Northeast Times

Easy, tasty spinach quiche

Easy Spin­ach Quiche

Many con­sumers are con­fused about the nu­tri­tion­al qual­ity of or­gan­ics versus con­ven­tion­ally grown foods. The Amer­ic­an Academy of Pe­di­at­rics re­cently weighed in on the im­port­ance of or­gan­ic food for chil­dren, set­ting off a firestorm.

   The AAP re­leased a re­port in Oc­to­ber stat­ing that: “Cur­rent evid­ence does not sup­port any mean­ing­ful nu­tri­tion­al be­ne­fits or de­fi­cits from eat­ing or­gan­ic com­pared with con­ven­tion­ally grown foods, and there are no well-powered hu­man stud­ies that dir­ectly demon­strate health be­ne­fits or dis­ease pro­tec­tion as a res­ult of con­sum­ing an or­gan­ic diet.”

   It ap­pears that the con­fu­sion in the  minds of many con­sumers about the nu­tri­tion­al be­ne­fits of or­gan­ics is linked to the use, or lack there­of, of pesti­cides. Con­ven­tion­al food pro­du­cers ar­gue that pesti­cide residue is re­duced sub­stan­tially by routine and safe food hand­ling prac­tices such as wash­ing, peel­ing and cook­ing, and that there is no sig­ni­fic­ant dif­fer­ence in the nu­tri­tion­al qual­ity of or­gan­ic and con­ven­tion­ally grown foods.

   The lower pesti­cide levels in or­gan­ic foods do not im­pact the foods’ nu­tri­tion­al levels. In con­trast, high­er pesti­cide levels in con­ven­tion­al foods do not im­pact nu­tri­tion­al levels either. Even so, the amount of man-made pesti­cide residues found in con­ven­tion­al foods is still well be­low the level that the En­vir­on­ment­al Pro­tec­tion Agency has deemed un­safe. The real is­sue is wheth­er these small doses, mul­ti­plied over years and dec­ades, might even­tu­ally add up to an in­creased health risk.   

   Dr. Mehmet Oz, a heart sur­geon and tele­vi­sion host, wrote about the sub­ject in a re­cent Time magazine art­icle en­titled “What to Eat Now, The Anti-Food-Snob Diet.” Dr. Oz stated that “nu­tri­tion­ally speak­ing, there is little dif­fer­ence between the farm­er’s mar­ket bounty and the humble brick (of frozen food) from the freez­er case. It’s true for many oth­er su­per­mar­ket foods, too.”

   Ad­vances in the frozen-food in­dustry — from pack­aging to tech­niques like high-pres­sure flash-freez­ing and freez­ing peeled, blanched and steamed foods — has im­proved the qual­ity of frozen pro­duce and products, and im­proved the re­ten­tion of their vit­am­in con­tent. Some food man­u­fac­tur­ers freeze and pack­age the har­ves­ted pro­duce im­me­di­ately and on-site, thereby in­creas­ing both qual­ity and pre­ser­va­tion of nu­tri­ents.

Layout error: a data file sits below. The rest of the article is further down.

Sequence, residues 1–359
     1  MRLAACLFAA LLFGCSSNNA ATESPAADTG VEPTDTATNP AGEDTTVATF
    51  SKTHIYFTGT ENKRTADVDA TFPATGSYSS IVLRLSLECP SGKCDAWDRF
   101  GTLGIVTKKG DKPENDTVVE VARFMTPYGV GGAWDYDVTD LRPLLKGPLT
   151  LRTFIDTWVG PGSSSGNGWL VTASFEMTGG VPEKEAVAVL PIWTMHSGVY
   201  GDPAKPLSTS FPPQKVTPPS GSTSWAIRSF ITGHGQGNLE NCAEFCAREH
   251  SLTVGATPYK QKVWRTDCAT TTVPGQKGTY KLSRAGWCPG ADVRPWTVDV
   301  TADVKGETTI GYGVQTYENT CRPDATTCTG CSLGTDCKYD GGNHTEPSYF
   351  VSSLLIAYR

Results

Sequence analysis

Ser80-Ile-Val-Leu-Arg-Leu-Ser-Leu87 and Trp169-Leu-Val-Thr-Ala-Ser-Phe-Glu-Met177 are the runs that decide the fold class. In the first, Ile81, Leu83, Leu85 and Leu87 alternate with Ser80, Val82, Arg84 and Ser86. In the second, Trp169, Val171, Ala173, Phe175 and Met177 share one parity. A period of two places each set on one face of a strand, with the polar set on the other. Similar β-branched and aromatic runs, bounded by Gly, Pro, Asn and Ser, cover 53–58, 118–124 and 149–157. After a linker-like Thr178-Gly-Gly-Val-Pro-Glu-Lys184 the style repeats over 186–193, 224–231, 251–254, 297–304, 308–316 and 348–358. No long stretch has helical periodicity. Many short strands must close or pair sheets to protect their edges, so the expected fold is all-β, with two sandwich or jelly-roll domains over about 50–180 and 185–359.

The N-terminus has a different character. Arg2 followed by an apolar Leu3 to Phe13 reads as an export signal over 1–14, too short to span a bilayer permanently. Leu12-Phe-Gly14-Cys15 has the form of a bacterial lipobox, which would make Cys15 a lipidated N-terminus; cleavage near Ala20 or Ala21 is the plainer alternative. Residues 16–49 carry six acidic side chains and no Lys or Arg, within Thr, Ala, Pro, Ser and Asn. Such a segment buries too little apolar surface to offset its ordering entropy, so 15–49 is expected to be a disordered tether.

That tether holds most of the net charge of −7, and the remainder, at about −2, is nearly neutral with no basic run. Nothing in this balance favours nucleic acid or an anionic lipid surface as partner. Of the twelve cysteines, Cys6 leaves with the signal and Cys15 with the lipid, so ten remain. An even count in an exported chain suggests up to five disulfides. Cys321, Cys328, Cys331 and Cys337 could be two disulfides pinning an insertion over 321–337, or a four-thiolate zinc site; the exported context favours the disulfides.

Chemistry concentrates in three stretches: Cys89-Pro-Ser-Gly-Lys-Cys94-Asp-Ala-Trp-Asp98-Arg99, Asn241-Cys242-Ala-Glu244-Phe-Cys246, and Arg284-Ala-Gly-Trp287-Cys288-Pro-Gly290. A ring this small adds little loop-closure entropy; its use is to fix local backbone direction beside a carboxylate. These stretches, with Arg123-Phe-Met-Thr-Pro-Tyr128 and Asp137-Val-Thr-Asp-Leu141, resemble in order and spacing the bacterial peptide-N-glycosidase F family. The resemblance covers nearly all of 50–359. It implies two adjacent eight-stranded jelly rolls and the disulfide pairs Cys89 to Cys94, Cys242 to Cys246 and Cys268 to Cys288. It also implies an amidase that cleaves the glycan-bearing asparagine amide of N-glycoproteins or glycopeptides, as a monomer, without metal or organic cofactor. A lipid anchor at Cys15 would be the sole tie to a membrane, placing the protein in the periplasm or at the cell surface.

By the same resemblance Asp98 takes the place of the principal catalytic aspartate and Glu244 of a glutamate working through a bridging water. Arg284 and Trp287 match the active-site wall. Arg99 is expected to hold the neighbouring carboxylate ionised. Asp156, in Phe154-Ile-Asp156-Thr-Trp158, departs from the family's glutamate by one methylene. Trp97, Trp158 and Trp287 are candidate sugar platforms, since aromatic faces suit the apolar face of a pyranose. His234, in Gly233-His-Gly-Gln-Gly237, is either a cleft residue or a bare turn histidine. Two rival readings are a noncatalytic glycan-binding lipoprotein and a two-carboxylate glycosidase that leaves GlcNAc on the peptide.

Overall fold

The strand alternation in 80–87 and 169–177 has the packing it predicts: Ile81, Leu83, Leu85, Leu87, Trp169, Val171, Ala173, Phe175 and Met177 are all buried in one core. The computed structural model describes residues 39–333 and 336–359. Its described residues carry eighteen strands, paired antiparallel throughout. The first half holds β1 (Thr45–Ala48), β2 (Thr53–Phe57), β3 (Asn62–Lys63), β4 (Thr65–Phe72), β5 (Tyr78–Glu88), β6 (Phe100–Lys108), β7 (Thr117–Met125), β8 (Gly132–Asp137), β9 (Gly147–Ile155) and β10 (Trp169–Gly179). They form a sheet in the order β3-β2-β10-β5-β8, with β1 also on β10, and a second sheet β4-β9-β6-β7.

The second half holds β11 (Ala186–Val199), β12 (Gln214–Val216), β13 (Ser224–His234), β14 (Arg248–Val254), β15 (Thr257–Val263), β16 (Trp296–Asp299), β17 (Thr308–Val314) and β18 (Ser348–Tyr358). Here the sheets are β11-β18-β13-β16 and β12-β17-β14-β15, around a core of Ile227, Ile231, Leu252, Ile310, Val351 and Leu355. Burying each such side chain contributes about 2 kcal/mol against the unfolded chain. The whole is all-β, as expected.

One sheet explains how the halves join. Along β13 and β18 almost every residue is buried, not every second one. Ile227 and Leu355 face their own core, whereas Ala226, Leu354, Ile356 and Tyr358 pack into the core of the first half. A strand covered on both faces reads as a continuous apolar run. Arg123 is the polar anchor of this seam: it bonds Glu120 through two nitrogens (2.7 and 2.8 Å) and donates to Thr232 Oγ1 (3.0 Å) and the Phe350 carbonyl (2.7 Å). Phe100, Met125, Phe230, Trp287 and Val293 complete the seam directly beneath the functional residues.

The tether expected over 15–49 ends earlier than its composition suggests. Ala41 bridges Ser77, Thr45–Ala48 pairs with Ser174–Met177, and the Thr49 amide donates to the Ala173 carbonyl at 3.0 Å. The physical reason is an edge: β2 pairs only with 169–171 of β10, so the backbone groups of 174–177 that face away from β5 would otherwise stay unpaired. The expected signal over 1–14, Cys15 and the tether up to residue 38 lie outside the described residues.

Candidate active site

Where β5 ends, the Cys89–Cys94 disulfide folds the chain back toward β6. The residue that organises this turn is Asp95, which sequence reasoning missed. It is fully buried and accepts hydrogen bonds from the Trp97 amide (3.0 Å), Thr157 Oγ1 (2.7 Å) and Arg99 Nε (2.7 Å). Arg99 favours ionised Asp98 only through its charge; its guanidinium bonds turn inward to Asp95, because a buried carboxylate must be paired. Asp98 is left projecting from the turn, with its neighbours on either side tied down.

In a study pub­lished in the Journ­al of the Sci­ence of Food and Ag­ri­cul­ture in 2007, Uni­versity of Cali­for­nia-Dav­is re­search­ers re­viewed the vari­able nu­tri­ent con­tent of fresh, frozen and canned ve­get­ables and fruits. Frozen spin­ach goes through a flash-freez­ing pro­cess that pre­serves it with­in hours after it leaves the soil, so it re­tains more of its vit­am­in C con­tent than fresh spin­ach. Both forms of spin­ach (fresh and frozen) re­tain their high vit­am­in A con­tent as well.

   The nu­tri­tion­al su­peri­or­ity of or­gan­ic versus con­ven­tion­ally pro­duced meats is an­oth­er mis­con­cep­tion. Re­search­ers have found that there is not much dif­fer­ence in nu­tri­ent qual­ity between grass-feed or cage-free an­im­als and an­im­als that are raised in feed­lots or cages.

   The qual­ity and nu­tri­ent levels in mod­ern canned ve­get­ables and fruits and con­ven­tion­ally raised an­im­als have im­proved over time and are a good choice for con­sumers. Best of all, con­ven­tion­al foods are far lower in price than or­gan­ic products, mak­ing them af­ford­able for most shop­pers. Good food is avail­able for con­sumers of all eco­nom­ic levels. Shop smart and try both or­gan­ic and con­ven­tion­al canned and frozen products. This re­cipe for Easy Spin­ach Quiche is a de­li­cious way to use frozen spin­ach.

Easy Spin­ach Quiche 

1/4 cup all-pur­pose flour 

1/2 tea­spoon bak­ing powder

1 tea­spoon poultry season­ing 

1 tea­spoon salt 

1 tea­spoon ground black pep­per

1/2 tea­spoon nut­meg

6 large eggs 

1/2 (8-ounce) pack­age shred­ded Colby-Monterey Jack cheese 

1 cup small curd cot­tage cheese

1/2 (10-ounce) pack­age frozen chopped spin­ach, thawed and drained

1 (4-ounce) can chopped green chilies 

1/4 cup melted but­ter 

1. Pre­heat oven to 400 de­grees F. Whisk flour, bak­ing powder, poultry season­ing, salt, pep­per and nut­meg to­geth­er in a small bowl and set aside.

2. Beat eggs in a mix­ing bowl un­til smooth. Stir flour mix­ture in­to the eggs un­til no lumps re­main. Stir in Colby-Monterey Jack cheese, cot­tage cheese, spin­ach, green chiles and melted but­ter un­til evenly blen­ded.

3. Spray a 9-inch pie pan with non-stick cook­ing spray. Spread the quiche mix­ture evenly in­to pan. Bake quiche in pre­heated oven for 15 minutes at 400 F, then re­duce tem­per­at­ure to 350 F. Con­tin­ue bak­ing un­til the quiche is lightly browned and a knife in­ser­ted in­to the cen­ter comes out clean, 35 to 40 minutes. Makes one (9-inch) quiche. ••

   An­gela Shelf Medear­is is an award-win­ning chil­dren’s au­thor, culin­ary his­tor­i­an and au­thor of sev­en cook­books. Her new cook­book is “The Kit­chen Diva’s Dia­bet­ic Cook­book.” Her Web site is www.di­vapro.com

You can reach at .

comments powered by Disqus